Securing Protections for Kansas Communities at Risk of Losing Vital Federal Resources
This week, the Office of Management and Budget (OMB) halted its plans to change the Metropolitan Statistical Area (MSA) population threshold definitions from 50,000 to 100,000. This reversal comes after Senator Marshall and I urged the OMB to abandon this arbitrary, unfounded rule change which threatened to disqualify smaller communities from receiving critical federal funding. OMB’s proposed would have significantly impacted Lawrence, Manhattan and St. Joseph’s, MO/KS qualifications as Metropolitan Statistical Areas and in turn disqualified the cities from receiving vital federal funding from programs that rely on these definitions to determine if a city is qualified to receive funding.
OMB’s withdrawal of this proposal helps make certain that several Kansas communities will continue to qualify for critical federal funding, particularly as our economy recovers. I am pleased the Metropolitan Statistical Area definition will not be changed, and Kansas communities will not be adversely affected for unjustified reasons made in Washington.
Evaluating the USPS’ 10-Year Reform Plan
During a Financial Services and General Government Appropriations Subcommittee hearing, I spoke with U.S. Postal Service Inspector General Tammy Whitcomb about the USPS’ 10-year reform plan. While the “Delivering for America” plan is supposed to put the USPS back on a path back toward financial sustainability, I asked Ms. Whitcomb if the USPS Office of Inspector General had accurate financial projections for the plan in light of the COVID-19 pandemic, emergency funding assistance from Congress and potential postal reform legislation. These factors all ought to be taken into account as the USPS plans to raise postal rates, which will negatively impact small businesses and employers. I also requested that proper care be taken to ensure rural communities do not experience a disproportionate slowdown in service during implementation of the 10-year plan and as the USPS acquires its new electric vehicles and that geographic logistics be taken into account in determining the EVs locations.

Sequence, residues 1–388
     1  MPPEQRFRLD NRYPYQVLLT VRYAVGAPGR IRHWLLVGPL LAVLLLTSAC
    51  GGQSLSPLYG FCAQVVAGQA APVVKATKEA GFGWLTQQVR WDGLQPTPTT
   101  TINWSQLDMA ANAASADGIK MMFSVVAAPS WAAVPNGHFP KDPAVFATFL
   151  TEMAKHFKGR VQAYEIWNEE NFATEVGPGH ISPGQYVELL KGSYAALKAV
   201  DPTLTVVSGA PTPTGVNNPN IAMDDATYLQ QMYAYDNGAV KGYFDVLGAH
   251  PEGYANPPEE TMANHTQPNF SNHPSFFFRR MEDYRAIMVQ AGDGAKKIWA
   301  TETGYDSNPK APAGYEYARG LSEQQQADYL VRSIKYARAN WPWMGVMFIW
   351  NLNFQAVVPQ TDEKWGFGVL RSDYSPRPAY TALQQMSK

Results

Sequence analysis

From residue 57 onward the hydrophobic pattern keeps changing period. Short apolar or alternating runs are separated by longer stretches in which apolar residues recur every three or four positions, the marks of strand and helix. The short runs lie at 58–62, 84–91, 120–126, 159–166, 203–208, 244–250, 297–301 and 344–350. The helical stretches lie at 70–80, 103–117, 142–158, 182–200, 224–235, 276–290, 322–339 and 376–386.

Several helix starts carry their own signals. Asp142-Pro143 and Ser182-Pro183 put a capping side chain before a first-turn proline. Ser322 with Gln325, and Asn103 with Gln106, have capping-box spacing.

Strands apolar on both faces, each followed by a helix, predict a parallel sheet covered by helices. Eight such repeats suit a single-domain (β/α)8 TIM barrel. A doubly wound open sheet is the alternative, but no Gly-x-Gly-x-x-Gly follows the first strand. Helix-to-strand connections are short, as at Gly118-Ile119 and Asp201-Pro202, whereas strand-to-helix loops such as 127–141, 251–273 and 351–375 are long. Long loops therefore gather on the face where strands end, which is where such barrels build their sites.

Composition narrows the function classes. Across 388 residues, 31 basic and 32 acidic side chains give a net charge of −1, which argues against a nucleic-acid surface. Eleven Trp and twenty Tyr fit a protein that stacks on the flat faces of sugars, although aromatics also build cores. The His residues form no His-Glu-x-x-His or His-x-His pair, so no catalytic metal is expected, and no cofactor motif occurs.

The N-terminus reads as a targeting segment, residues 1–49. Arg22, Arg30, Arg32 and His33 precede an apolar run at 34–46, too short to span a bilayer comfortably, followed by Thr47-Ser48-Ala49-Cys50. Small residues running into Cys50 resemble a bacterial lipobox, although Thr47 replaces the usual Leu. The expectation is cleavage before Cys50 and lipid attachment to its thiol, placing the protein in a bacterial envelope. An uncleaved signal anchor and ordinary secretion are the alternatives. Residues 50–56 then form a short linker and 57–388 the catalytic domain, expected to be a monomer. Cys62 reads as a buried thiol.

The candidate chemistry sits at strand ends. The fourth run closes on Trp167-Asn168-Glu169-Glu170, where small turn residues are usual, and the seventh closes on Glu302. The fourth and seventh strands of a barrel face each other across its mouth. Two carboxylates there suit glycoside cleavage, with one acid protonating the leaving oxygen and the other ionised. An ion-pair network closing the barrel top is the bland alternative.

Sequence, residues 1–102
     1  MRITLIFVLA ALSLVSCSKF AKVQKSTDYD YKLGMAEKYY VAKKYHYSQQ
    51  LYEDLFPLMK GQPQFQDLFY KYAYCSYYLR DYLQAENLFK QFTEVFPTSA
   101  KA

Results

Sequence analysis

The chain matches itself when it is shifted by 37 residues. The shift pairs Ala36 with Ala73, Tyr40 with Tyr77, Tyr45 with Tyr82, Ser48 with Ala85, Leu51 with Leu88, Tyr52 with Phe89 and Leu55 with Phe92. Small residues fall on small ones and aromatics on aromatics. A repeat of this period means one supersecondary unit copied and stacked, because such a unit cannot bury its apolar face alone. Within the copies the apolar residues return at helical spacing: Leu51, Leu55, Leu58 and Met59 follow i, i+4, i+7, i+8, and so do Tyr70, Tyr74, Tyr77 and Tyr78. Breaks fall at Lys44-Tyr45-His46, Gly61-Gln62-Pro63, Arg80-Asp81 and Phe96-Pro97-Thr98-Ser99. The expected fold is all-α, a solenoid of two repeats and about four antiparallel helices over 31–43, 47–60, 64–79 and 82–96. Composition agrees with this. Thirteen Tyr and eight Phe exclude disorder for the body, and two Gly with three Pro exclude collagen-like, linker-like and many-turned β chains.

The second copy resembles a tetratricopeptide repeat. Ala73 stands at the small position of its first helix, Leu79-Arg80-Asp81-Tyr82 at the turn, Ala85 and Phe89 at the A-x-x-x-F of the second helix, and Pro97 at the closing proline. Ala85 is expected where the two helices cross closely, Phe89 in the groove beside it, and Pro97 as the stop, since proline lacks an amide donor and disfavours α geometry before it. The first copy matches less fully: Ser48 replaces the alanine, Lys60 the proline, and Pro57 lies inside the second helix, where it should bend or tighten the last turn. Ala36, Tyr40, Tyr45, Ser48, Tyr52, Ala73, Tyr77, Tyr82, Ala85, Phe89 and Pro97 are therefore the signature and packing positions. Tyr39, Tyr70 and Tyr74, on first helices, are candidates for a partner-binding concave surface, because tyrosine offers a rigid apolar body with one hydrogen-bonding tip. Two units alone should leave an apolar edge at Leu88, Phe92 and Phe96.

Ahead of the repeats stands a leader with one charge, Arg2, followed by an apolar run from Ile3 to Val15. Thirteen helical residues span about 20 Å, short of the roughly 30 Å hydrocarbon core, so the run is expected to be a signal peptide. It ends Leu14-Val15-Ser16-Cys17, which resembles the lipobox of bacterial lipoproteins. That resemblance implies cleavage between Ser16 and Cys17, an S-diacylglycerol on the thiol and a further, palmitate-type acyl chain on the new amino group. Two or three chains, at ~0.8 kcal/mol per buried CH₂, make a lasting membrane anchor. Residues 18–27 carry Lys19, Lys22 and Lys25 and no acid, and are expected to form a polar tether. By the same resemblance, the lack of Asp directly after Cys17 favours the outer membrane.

Meeting with Kansas Leaders in Washington
Kansas Farm Bureau
This week, I met with Kansas Farm Bureau President Rich Felts and Ryan Flickner to discuss the priorities of Kansas farmers and ranchers. We discussed the strong concerns ranchers have with cattle markets and my efforts to expand small meat processing capacity in Kansas and across the country to give producers more markets to sell their livestock. We also spoke about the importance of broadband access for rural communities and businesses to help them grow and thrive. Agriculture is the backbone of Kansas’ economy, and ensuring that farmers and ranchers and their way of life is protected is vital to the success of Kansas. I look forward to continuing to work with Kansas Farm Bureau to make sure Kansas farmers’ and ranchers’ voices are heard in Washington, D.C.